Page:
For Vesha.

North Carolina. Jenna Franks, a 34-year-old white trans person, was found dead in Jacksonville, North Carolina on February 24, making her at least the tenth trans homicide victim so far this year. A hate crime against a person who identifies as female.

Atlanta. Six women of Asian descent were killed by a man who claims it was their fault. Why? Because he is a sex addict and the women work at a massage parlour. His claim? They were luring him into temptation.The article further states that the police claim the parlour could be a front for prostitution. Excuse me, were they not called to investigate six murders? How did focus shift to the professions of the six dead women? My question is, does all this really matter? Six women left their homes to go to work and were shot dead because a man somewhere can’t keep it in his pants? Please. Make it make sense.

The UK. Sarah Everard. 33 years old. Sara went missing on her walk home. Mind you, she was in a very populated, well-lit, public space, all the places women are advised to walk so that they are safe. The irony! The prime suspect, who was eventually charged with murder was a police officer. An officer of the law!! A person who gets paid to protect people like her. Wtaf! She was just trying to get home.

Kenya. Velvine Nungari Kinyanjui. 24 years old. Living. Existing. Reportedly assaulted by her date, raped and finally succumbed to fatal injuries as a result of the attack. Even the normalization of the act of asking your friends to check in and make sure you get home was not enough to save her life. I say normalization because as a woman you have to have a check in system with your friends just in case. This should not be normal and yet, here we are.

March is supposed to be the month we celebrate women. March is when countries that experience winter start to see the beginnings of spring. Warmer weather, warmer climate, happier people. It signifies a fresh start. March is when we have the first round of celebrations for Mothers’ Day. World over, we acknowledge that March is for the women. For goodness’ sake, we celebrate International Women’s Day in March!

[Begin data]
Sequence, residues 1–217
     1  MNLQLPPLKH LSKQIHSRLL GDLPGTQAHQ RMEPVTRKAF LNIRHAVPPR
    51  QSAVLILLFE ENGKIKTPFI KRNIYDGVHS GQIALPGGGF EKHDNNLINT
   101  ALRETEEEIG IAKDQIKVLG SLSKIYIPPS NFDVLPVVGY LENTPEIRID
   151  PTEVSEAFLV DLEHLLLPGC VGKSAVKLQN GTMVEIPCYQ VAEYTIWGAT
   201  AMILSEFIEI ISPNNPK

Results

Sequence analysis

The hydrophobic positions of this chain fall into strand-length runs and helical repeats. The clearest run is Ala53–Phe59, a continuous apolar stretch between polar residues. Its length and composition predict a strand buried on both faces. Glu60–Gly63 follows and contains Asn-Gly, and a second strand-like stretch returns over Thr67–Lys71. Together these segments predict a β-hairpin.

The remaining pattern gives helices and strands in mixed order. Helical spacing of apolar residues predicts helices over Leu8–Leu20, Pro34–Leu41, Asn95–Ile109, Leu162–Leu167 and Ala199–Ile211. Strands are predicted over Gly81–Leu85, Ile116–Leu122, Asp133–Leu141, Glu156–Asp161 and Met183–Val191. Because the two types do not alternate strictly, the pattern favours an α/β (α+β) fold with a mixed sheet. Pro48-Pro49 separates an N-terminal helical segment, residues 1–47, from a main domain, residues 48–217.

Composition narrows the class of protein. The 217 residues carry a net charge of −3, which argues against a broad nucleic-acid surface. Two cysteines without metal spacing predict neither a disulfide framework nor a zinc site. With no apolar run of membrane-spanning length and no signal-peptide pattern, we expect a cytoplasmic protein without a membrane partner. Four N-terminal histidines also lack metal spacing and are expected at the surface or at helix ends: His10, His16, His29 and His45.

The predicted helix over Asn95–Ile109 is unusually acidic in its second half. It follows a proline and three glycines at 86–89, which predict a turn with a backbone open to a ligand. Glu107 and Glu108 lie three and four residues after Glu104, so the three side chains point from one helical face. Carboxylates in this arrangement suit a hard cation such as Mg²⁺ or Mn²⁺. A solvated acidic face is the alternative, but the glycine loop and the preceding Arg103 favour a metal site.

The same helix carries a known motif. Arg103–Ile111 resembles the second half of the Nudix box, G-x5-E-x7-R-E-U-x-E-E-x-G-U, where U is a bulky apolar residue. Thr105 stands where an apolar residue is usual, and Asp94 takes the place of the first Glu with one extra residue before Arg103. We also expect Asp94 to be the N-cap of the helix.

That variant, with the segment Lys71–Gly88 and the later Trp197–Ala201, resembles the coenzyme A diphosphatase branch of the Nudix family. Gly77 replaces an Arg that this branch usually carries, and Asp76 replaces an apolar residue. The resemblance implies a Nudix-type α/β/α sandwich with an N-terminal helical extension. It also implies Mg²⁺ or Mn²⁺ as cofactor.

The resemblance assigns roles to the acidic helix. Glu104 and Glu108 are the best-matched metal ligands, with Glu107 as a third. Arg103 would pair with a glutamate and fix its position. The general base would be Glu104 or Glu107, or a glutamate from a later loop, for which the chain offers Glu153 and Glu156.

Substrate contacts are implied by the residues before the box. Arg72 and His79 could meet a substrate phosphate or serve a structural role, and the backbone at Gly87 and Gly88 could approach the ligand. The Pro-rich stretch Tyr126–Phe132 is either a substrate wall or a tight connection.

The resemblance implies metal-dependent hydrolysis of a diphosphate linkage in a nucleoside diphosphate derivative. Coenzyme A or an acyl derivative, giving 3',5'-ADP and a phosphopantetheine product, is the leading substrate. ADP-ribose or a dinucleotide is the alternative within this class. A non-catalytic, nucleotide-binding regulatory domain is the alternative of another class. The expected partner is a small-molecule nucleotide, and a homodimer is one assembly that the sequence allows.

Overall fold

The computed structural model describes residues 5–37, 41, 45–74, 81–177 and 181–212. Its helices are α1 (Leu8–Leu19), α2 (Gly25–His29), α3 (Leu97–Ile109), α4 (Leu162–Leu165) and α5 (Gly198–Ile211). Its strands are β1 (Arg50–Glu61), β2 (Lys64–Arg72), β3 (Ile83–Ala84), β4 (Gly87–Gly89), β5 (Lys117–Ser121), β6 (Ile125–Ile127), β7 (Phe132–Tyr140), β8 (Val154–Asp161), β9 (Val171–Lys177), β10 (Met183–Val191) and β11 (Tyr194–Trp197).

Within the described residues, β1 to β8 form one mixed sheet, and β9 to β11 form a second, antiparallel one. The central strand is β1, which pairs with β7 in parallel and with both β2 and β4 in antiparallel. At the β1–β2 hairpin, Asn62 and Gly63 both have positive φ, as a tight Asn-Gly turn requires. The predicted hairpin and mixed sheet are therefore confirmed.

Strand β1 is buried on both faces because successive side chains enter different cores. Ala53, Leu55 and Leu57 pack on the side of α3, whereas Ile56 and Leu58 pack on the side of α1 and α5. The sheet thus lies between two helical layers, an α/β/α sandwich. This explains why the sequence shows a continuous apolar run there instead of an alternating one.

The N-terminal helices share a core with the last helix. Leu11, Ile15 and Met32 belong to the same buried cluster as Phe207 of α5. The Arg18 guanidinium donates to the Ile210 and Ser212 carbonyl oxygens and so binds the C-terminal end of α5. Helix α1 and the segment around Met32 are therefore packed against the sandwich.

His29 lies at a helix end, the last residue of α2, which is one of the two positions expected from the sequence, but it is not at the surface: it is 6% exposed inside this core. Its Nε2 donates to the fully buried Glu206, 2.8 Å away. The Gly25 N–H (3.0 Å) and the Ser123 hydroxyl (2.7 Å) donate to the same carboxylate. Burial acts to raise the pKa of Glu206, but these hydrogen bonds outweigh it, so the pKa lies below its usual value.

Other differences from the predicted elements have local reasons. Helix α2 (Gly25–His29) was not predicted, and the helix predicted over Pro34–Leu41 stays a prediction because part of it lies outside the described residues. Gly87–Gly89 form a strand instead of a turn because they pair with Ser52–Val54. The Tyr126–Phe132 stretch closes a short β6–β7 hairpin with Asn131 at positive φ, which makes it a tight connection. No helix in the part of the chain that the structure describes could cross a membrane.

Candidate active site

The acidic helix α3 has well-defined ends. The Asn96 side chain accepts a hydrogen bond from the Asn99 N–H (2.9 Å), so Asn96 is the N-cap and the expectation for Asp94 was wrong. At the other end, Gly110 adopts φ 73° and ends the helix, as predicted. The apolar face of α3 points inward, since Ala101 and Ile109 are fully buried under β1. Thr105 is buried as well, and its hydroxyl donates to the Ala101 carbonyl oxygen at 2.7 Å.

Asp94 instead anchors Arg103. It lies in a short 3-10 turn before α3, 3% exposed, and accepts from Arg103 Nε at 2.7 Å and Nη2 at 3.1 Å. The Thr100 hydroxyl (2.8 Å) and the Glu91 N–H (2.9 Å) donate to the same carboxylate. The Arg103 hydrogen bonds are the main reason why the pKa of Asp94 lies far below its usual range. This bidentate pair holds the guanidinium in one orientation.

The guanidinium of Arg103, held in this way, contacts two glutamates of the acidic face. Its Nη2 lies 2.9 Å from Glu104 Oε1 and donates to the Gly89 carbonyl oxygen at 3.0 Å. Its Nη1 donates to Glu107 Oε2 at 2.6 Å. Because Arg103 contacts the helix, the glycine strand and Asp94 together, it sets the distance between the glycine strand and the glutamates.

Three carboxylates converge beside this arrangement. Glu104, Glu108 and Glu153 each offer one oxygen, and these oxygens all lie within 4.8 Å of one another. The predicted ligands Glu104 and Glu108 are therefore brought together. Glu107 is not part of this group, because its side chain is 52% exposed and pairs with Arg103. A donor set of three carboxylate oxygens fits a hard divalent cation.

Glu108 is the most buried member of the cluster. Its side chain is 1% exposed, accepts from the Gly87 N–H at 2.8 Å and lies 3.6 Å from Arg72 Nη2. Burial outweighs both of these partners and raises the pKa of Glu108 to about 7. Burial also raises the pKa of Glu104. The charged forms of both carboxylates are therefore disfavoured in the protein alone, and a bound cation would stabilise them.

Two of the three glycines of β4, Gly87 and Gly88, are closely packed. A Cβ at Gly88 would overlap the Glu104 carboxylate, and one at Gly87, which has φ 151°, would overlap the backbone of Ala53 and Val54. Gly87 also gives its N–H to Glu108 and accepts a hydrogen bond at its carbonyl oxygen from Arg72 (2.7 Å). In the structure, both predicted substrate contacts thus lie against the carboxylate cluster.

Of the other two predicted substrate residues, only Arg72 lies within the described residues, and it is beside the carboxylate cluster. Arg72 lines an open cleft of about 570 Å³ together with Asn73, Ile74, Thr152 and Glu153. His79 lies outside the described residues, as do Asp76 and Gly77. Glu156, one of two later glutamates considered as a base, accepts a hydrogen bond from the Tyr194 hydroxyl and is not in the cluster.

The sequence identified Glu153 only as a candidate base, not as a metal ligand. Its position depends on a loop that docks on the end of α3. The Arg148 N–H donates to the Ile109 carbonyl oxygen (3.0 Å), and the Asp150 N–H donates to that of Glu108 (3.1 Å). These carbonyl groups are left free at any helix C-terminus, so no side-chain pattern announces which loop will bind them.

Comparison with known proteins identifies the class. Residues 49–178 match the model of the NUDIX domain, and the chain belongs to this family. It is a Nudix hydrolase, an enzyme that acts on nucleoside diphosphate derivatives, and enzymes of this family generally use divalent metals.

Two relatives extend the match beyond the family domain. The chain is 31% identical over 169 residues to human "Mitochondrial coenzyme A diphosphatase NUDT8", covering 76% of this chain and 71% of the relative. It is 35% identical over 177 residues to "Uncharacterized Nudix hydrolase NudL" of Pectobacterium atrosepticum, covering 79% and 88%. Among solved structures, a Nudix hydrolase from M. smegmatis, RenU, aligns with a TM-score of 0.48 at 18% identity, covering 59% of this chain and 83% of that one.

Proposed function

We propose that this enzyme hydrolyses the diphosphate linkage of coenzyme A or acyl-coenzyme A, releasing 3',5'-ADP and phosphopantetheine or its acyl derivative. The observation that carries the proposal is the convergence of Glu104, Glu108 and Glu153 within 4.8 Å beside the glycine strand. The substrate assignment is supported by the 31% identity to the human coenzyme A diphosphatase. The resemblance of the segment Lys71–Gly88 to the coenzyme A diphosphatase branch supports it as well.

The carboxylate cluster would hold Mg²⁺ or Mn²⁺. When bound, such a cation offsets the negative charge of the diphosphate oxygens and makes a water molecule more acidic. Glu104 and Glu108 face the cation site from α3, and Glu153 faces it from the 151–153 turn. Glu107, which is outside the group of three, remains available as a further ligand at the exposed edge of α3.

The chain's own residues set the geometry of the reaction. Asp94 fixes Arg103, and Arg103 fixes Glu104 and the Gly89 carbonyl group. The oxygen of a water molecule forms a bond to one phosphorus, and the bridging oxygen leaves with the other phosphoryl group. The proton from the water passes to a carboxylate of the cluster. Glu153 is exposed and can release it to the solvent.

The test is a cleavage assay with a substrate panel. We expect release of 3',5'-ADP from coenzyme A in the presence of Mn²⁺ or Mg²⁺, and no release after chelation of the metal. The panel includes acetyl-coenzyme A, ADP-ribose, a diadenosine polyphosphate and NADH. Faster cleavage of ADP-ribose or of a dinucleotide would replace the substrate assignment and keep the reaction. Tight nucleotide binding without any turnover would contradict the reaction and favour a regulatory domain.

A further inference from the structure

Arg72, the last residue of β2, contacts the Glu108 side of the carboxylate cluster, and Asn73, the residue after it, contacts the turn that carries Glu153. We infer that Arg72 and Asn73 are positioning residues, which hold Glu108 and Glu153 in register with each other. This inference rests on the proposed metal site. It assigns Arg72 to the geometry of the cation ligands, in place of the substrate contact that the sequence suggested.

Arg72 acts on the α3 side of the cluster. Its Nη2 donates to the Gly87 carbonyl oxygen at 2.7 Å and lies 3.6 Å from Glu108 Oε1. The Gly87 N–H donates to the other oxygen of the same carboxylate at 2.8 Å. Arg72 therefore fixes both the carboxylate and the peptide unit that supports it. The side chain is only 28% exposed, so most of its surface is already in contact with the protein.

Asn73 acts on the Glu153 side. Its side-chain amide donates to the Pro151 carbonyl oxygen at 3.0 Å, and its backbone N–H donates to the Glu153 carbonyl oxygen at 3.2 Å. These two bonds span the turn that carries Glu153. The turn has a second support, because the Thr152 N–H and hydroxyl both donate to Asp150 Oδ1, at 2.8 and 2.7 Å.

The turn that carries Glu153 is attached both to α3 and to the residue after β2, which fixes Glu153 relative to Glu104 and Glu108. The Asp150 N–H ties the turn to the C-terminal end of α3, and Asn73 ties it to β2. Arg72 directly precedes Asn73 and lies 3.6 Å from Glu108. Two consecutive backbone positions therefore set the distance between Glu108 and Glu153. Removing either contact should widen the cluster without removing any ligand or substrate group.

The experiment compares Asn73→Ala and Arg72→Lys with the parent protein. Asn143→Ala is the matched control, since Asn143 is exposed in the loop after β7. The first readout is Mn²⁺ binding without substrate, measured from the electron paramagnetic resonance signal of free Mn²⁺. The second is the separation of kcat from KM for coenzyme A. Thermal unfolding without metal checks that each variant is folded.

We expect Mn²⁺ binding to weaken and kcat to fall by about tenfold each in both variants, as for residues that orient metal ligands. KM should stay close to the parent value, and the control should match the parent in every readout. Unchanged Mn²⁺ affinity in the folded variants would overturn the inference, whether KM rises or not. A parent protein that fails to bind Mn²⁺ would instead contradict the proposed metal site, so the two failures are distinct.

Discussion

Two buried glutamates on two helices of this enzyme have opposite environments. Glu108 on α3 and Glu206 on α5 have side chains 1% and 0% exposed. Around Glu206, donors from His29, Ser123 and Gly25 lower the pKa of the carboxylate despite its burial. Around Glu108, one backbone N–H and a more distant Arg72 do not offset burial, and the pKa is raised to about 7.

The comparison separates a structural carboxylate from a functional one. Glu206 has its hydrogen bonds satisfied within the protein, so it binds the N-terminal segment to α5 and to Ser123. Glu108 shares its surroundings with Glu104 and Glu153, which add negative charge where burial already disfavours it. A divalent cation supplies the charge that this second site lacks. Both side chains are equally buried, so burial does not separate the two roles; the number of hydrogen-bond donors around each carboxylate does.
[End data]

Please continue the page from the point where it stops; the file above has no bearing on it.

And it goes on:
This March, however, gave me very little to celebrate. At a personal level this month has  been heavy. The number of women who have been killed in this month at the hands of men is disheartening. According to the Twitter handle @CountingDeadWomen, at least 35 women in the UK have been killed at the hands of men since the year began. In a recent article by World Health Organization (WHO), 1 in 3 women, around 736 million, across their lifetime, are subjected to physical or sexual violence by an intimate partner or sexual violence from a non-partner – a number that has remained largely unchanged over the past decade. And the violence starts early. By the time a woman is in her mid twenties, there is a 1 in 4 chance that she will have experienced intimate partner violence.

“Violence against women is endemic in every country and culture, causing harm to millions of women and their families, and has been exacerbated by the COVID-19 pandemic,” said Dr Tedros Adhanom Ghebreyesus, WHO Director-General. “But unlike COVID-19, violence against women cannot be stopped with a vaccine. We can only fight it with deep-rooted and sustained efforts – by governments, communities and individuals – to change harmful attitudes, improve access to opportunities and services for women and girls, and foster healthy and mutually respectful relationships.”

The thing about all the acts of violence illustrated above, is that these women were not to blame. These women were out here busy living their lives, doing things that every person is entitled to do, when they met death in the most brutal, most violent of ways. At the hands of men who felt entitled. To men who felt that the women were to blame. To men who probably did not view them as human anymore, because how else do you explain such levels of violence?